Rhodes said his arm began to heal on its own before the doctors finally worked their way to him.

"They left it alone when they noticed it had healed," he said.

Rhodes said his spirits soared when he left the hospital and returned to the front because he wanted to be reunited with his friends.

"A few of them got killed," he said.

The 778th crossed the Rhine River on March 25, 1945. Only one tank at a time crossed the pontoon bridge in order to avoid the risk of having multiple tanks destroyed by German fire.

As the tankers pressed on, they discovered the bodies of dead Jews and Russians whom the Nazis used for slave labor.

"They were stacked up like cordwood," he said.

Rhodes said his unit was moving so fast that the men rarely bathed or washed their clothes. On occasion, the Americans would take clean underwear from the fieldpacks of dead Germans. The 778th enjoyed an additional prize if the fieldpacks contained rations, which consisted of sardines and sauerkraut.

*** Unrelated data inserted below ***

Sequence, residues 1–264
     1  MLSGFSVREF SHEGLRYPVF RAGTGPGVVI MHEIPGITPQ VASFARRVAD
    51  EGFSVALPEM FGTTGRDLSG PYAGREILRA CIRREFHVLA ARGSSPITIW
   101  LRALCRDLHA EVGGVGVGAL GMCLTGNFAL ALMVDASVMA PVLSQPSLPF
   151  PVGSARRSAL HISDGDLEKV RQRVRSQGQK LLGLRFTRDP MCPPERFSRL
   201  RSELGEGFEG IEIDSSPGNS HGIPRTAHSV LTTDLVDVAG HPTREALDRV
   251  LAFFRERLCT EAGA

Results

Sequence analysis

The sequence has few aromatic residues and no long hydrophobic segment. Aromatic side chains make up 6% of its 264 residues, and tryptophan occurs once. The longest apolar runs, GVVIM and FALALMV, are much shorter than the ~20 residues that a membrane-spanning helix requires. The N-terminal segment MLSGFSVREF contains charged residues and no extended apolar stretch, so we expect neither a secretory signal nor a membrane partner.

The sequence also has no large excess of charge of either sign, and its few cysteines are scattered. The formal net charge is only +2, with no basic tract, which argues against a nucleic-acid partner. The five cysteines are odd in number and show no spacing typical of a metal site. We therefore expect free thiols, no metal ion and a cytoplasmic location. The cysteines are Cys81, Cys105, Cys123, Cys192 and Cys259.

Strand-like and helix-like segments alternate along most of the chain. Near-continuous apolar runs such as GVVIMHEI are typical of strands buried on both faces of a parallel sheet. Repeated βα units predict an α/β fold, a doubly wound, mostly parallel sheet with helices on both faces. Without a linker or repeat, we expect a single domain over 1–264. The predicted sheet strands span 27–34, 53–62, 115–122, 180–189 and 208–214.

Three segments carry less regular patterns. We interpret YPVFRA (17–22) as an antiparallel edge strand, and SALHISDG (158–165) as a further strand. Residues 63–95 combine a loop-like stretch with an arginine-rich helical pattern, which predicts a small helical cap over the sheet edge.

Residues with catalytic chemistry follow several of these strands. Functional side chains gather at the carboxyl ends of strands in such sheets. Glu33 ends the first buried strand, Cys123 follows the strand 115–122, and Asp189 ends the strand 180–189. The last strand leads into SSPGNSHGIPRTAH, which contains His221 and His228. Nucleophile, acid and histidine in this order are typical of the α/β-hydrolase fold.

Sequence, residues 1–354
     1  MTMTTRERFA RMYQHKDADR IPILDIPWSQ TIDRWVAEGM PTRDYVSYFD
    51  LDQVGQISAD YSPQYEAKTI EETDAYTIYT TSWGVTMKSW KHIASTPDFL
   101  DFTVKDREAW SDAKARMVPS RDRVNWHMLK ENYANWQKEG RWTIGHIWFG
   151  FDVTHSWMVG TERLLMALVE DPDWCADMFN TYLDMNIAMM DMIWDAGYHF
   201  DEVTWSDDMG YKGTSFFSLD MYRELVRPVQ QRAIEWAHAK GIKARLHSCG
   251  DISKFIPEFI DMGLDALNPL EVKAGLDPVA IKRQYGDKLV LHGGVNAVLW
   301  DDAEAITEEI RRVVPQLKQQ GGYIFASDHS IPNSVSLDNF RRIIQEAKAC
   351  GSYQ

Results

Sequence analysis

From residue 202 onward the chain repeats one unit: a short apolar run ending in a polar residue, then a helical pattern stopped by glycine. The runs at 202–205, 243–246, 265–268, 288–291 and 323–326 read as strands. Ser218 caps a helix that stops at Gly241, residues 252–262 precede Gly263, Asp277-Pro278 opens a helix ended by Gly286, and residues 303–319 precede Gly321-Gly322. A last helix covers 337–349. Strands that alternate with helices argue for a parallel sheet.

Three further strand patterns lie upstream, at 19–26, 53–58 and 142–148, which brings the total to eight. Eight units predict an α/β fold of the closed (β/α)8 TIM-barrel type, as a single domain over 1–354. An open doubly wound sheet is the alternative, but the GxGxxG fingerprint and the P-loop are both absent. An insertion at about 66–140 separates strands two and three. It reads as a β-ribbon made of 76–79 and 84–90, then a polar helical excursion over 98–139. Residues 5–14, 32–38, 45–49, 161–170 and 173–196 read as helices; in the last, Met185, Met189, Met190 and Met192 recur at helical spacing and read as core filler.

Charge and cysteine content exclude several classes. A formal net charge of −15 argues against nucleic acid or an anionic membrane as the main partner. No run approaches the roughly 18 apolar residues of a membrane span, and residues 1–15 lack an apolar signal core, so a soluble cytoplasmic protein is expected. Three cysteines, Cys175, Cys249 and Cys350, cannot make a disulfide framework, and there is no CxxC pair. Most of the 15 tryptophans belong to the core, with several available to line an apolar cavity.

"I liked those sardines," he said.

Rhodes said the 778th was in Glockelberg, Czechoslovakia, when they were told that the Germans had surrendered.

Rhodes was discharged in December 1945, and ran a tavern for 10 years in Clear Spring before he bought a farm.

"I didn't know the difference between flour and wheat," he said. "But I saw the value of a farmer."

Rhodes said the horrors of war persuaded him to never get married or have children.

"It took me a while to get adjusted," he said. "I've lost a lot of friends. I'm lucky. I'm very lucky. It's a stout life I've lived."